Morrill

Utah State coach Stew Morrill breaks convention with comments about departing player

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When a player transfers or leaves a program, the official release from the school is typically pretty simple. There is some polished quote that thanks the player for his contributions to the program and wishes him luck in the future.

Utah State coach Stew Morrill broke the mold when the school announced that freshman Quincy Bair would be leaving the team.

“I’m extremely disappointed in Quincy for making the decision to quit the team. He told me he has lost his passion for basketball during his junior year in high school,” said Morrill in a statement. “This is obviously something we would have liked to have known in the recruiting process.”

Of course, Morrill has a point. Bair was likely one of a number of players at his position that Utah State was recruiting and now the program will be without his services. Bair saw action in four games this season and registered one missed field goal attempt on the year.

But let’s play “Devil’s Advocate” for a moment.

There are innumerable situations when a recruit is left out to dry when a coach departs before he is able to set foot on campus, many times resulting in that player decommitting from a school and going elsewhere. Now, when the situation is flipped, it becomes more of a headline.

Not to say one is right or wrong, especially in this situation, but it’s interesting to see the contrast between the movement of a paid coach and the decisions of an amateur athlete.

Daniel Martin is a writer and editor at JohnnyJungle.com, covering St. John’s. You can find him on Twitter:@DanielJMartin_

VIDEO: Kentucky’s ‘Dancing Guy’ has scary fall while carrying girl

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Kentucky’s ‘Dancing Guy’ has turned into a fan favorite at Rupp Arena.

Every home game, during one of the TV timeouts in the second half, ‘Mony Mony’ will come on, Dancing Guy will hop into the aisle and he’ll break it down like only a middle-aged white guy from Kentucky can.

As you can see, it didn’t quite go all that well for Dancing Guy on Tuesday night, as he tried to do a rail slide while holding a young, female fan and completely ate it.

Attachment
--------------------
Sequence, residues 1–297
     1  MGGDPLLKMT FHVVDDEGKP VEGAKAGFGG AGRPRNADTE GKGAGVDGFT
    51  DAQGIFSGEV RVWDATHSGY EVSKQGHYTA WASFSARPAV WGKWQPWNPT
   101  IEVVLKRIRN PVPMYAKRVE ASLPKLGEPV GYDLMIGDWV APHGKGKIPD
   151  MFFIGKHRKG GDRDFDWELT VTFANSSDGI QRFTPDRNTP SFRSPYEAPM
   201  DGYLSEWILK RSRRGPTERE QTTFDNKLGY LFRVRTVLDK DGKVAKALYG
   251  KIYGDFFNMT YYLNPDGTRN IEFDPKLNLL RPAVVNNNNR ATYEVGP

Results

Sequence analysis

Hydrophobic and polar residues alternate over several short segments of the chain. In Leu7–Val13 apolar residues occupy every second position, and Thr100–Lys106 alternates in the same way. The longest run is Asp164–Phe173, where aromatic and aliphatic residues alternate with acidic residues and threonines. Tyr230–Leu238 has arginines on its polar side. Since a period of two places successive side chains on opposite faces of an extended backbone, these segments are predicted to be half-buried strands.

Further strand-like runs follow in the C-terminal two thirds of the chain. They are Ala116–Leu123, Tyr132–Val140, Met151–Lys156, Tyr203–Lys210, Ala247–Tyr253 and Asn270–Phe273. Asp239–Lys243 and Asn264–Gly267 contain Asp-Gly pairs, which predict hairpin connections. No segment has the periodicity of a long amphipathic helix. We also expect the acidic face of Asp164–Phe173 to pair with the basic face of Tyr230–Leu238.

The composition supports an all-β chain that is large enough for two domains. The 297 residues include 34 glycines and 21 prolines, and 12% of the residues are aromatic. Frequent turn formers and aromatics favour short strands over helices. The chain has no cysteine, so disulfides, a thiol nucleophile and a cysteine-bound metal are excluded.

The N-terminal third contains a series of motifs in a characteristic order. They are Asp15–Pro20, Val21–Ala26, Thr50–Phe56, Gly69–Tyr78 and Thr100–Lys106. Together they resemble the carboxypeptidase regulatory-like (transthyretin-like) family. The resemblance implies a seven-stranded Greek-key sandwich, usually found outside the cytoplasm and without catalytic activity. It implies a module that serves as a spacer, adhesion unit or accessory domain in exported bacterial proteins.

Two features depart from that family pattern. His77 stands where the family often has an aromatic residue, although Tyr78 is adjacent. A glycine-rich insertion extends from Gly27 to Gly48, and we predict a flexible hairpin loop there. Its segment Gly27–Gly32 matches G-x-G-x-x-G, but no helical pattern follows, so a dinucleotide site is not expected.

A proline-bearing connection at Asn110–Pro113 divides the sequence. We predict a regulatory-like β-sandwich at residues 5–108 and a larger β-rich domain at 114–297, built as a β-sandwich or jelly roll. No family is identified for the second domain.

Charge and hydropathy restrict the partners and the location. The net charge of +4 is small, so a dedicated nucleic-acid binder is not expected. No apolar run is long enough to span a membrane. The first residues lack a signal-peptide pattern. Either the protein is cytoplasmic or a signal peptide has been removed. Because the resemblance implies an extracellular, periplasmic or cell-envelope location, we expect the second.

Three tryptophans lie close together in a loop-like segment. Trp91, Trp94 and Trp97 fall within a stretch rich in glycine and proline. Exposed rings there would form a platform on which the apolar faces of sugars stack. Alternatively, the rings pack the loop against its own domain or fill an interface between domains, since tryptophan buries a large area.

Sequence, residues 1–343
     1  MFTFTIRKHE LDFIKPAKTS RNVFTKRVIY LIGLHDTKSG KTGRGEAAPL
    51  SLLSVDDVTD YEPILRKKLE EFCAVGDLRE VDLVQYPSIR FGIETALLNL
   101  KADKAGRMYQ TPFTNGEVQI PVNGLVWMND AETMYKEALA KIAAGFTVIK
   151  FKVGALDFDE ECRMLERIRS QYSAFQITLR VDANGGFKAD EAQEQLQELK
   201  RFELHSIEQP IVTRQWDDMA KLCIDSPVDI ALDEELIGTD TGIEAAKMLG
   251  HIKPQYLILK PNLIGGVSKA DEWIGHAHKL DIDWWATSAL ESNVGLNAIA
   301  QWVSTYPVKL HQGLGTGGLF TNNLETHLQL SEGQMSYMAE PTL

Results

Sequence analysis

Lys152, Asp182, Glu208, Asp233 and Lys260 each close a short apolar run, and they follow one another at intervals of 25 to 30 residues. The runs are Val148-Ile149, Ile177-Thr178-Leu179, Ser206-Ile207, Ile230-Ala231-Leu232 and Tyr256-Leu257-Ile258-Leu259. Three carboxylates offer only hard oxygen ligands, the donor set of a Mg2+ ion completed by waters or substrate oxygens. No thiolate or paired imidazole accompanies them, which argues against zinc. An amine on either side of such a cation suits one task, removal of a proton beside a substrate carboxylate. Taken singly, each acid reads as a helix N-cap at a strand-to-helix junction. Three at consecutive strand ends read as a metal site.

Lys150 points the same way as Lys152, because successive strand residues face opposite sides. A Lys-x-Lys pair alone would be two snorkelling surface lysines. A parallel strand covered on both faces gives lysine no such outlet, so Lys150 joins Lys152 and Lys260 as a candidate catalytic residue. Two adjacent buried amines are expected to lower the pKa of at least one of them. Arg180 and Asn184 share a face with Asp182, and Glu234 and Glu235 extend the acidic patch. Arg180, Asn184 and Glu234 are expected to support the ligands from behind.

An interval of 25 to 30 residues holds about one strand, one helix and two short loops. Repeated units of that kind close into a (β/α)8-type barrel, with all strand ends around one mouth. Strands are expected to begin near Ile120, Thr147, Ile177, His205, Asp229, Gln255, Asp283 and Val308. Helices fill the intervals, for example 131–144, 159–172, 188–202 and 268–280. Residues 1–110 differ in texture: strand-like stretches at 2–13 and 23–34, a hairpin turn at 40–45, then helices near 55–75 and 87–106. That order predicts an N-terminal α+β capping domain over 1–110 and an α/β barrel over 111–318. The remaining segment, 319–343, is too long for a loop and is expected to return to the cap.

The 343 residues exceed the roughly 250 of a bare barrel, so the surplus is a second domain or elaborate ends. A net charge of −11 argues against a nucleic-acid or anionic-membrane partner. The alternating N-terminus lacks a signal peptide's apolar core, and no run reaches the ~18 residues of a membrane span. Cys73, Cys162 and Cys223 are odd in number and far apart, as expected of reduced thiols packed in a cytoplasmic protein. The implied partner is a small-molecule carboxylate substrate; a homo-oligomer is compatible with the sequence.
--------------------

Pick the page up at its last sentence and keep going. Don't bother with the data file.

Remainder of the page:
Here’s another angle of the fall:

It looks much scarier that it actually was, as all reports indicate that everyone made it through the fall healthy.

No. 5 Xavier stumbles at Creighton, lose 70-54

Creighton's Cole Huff (13) and Toby Hegner, left, guard Xavier's Jalen Reynolds (1) during the first half of an NCAA college basketball game in Omaha, Neb., Tuesday, Feb. 9, 2016. (AP Photo/Nati Harnik)
(AP Photo/Nati Harnik)
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Mo Watson went for a career-high 32 points, seven boards and five assists as Creighton jumped out to an early 21-4 lead and never looked back, beating No. 5 Xavier, 70-54, in Omaha on Tuesday night.

 

It was a massive win for the Bluejays, who still have an outside shot at earning an at-large bid this season. (We wrote all about that here.)

As well as Creighton played, the bigger story here may actually be Xavier, who lost for just the third time this season; they had been the only top ten team with just two losses to their name.

The issue for the Musketeers tonight was two-fold, but they both are a symptom of what could be an issue down the road for this team: Xavier doesn’t really have a true point guard.

They certainly didn’t have anyone to stop Watson. By the second half, they had essentially asked Reynolds, who was playing the middle of their 1-3-1 zone to matchup with Watson. It was weird but was actually somewhat effective.

The Musketeers also started out ice cold from the floor, missing 11 of their first 13 shots, and those misses led to leak outs from Bluejays, who got layups and open threes in transition to build that 17 point lead. Once Xavier got behind, it turned into scramble mode for Xavier. They forced shots early in the clock and didn’t start pounding the ball into the paint until it was too late. What they needed was someone to be able to settle things, to ensure that offensive would get initiated and sets would get executed when they were able to get the lead down to single digits.

That 1-for-19 shooting performance from beyond the arc certainly didn’t help matters, and neither did the fact that they got just nine field goals all game from players not named James Farr or Jalen Reynolds. The most frustrating part for head coach Chris Mack? They had good shots. It wasn’t like Creighton took away everything that Xavier wanted to do.

The kids just had one of those nights where nothing went down.

Those happen.

And when you combine them with a total inability to contain the opposing team’s point guard, what you get is a 16 point loss on the road against a team that was desperate to get a good win.